On natural lakes in the Midwest or throughout Canada, the more intuitive anglers will be tuned into the process of identifying and following roaming forage during this key period. Between now and the 57-degree benchmark, baitfish such as crappies, ciscoes, tullibees and others will start to congregate in the course of their normal daily activities and will often come into contact with prime musky structural elements as they travel throughout the system. It’s during this period that the predator will begin to show signs of conserving their energy supplies by dramatically reducing their daily movements and closely adhering to the art of ambush, tending to use vertical structure more frequently. Casting and trolling the more vertical structures, adjacent prime summer locations, should be a primary consideration.
The benchmark water temperature of 57 degrees signifies entry to fall and coincides with the turnover period. Muskies have again begun to travel away from their summer home ranges. This marks the period when much of the available vegetation begins to die. Fish will again set up in transition areas. Sharp vertical points, shorelines and walls become prime candidates. This is the time multiple forage species begin to stage off breaklines. Although casting these areas can be effective, trolling now becomes a prime consideration. Active fish will primarily be at the mid-depth levels at 8 to 15 feet, although on days following turnover they can be at any depth. However, during warming trends fish again may move shallow.
This is the period when conservation of energy falls into second place as they endure the relocation process. Fish this period much like you would the spring period of the same temperatures. Forage is on the move, selecting their primary comfort zones, and muskies follow. Any warming patterns have produced some of my largest fish while casting surface lures on existing outside weedlines. Kyle, on the other hand, has reported many multi-fish days trolling. As long as the muskies are on the move, they are using energy and will be feeding, but they are not necessarily using defined, prime, spot-on-a-spot structures and you will have to cover water to find them.
47: Fall Trophy Hunting
When water temperatures plunge to 47 degrees, muskies are well-entrenched in the fall season. Fish are well-established in transition areas again utilizing vertical structure. They are now in the process of energy conservation and some of the larger females may even experience the beginning stages of egg production. Muskies are feeding and focusing on forage with high fat content, like suckers and ciscoes. Fish will most often be at their peak weight. Trolling these areas is now a primary consideration. Again fish may still respond during warming trends by moving shallow. Fish utilizing shallow structure and remaining vegetation make casting an effective option.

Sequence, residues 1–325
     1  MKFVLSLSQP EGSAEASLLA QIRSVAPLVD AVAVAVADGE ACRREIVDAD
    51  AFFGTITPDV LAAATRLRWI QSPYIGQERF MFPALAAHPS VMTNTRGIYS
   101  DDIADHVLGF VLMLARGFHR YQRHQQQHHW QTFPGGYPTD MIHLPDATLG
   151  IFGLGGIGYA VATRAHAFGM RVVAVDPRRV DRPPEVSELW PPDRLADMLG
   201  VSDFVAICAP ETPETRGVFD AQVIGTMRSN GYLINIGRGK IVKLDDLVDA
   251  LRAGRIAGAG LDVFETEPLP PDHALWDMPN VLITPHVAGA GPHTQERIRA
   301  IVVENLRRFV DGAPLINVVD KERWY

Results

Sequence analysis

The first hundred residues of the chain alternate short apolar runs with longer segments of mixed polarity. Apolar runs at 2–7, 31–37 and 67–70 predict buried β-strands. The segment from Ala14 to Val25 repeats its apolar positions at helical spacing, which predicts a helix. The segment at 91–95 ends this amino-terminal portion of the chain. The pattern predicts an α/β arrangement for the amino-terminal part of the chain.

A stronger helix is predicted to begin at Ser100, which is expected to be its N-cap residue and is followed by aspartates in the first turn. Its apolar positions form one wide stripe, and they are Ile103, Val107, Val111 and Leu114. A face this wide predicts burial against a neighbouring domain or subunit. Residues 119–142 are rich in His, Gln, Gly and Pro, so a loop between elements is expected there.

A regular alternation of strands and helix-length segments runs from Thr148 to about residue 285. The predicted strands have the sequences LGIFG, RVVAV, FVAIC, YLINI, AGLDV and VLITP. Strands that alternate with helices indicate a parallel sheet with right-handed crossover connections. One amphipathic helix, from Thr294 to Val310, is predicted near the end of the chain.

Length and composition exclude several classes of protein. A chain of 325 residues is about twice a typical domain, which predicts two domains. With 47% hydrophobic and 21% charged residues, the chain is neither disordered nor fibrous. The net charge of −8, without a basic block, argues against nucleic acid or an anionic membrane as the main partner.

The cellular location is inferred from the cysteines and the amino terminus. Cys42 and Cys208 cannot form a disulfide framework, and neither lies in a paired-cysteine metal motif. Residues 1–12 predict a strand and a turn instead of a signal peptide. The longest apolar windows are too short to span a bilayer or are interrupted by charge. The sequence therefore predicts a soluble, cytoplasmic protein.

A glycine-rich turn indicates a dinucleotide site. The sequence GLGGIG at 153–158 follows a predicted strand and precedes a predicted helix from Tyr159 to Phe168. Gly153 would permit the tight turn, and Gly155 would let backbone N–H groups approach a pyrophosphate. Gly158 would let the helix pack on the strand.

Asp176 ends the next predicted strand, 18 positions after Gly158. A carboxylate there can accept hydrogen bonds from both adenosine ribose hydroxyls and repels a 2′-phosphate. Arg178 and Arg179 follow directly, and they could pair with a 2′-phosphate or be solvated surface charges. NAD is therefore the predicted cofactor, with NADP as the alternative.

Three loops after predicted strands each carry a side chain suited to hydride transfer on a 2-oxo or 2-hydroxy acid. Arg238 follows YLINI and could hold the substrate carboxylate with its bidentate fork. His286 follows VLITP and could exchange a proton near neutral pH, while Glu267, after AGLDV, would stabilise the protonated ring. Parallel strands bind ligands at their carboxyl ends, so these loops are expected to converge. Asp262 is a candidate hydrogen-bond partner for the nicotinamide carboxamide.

37: Break Out The Parka
Fish are now usually found in deep water in their established wintering zones. Once the water temp drops to 39 degrees the upper level of the water column sinks and as the surface of the water column continues to cool, fish will seek the warmer deeper layer. Deep trolling and casting becomes an effective tactic. Muskies will often relocate to areas previously void of fish and may use open water far removed from any defined structure. Trolling areas out and away from structure is an effective tactic during this late fall period. Locating baitfish that have often pulled away from structure is the key to success.
There you have it, the “Seven Degrees of Musky Location.” Hopefully this will provide an easy to remember guideline to locating muskies more quickly throughout the season. Remember, practice “CPR, Catch, Photo and Release”, the future of fishing is in your hands.
Bob Mehsikomer is the host of Simply Fishing Television Series and can be reached at (800) 222-8775 or www.simplyfishing.com. For guiding in northern Minnesota, Kyle Brickson is available at (218) 384-3924.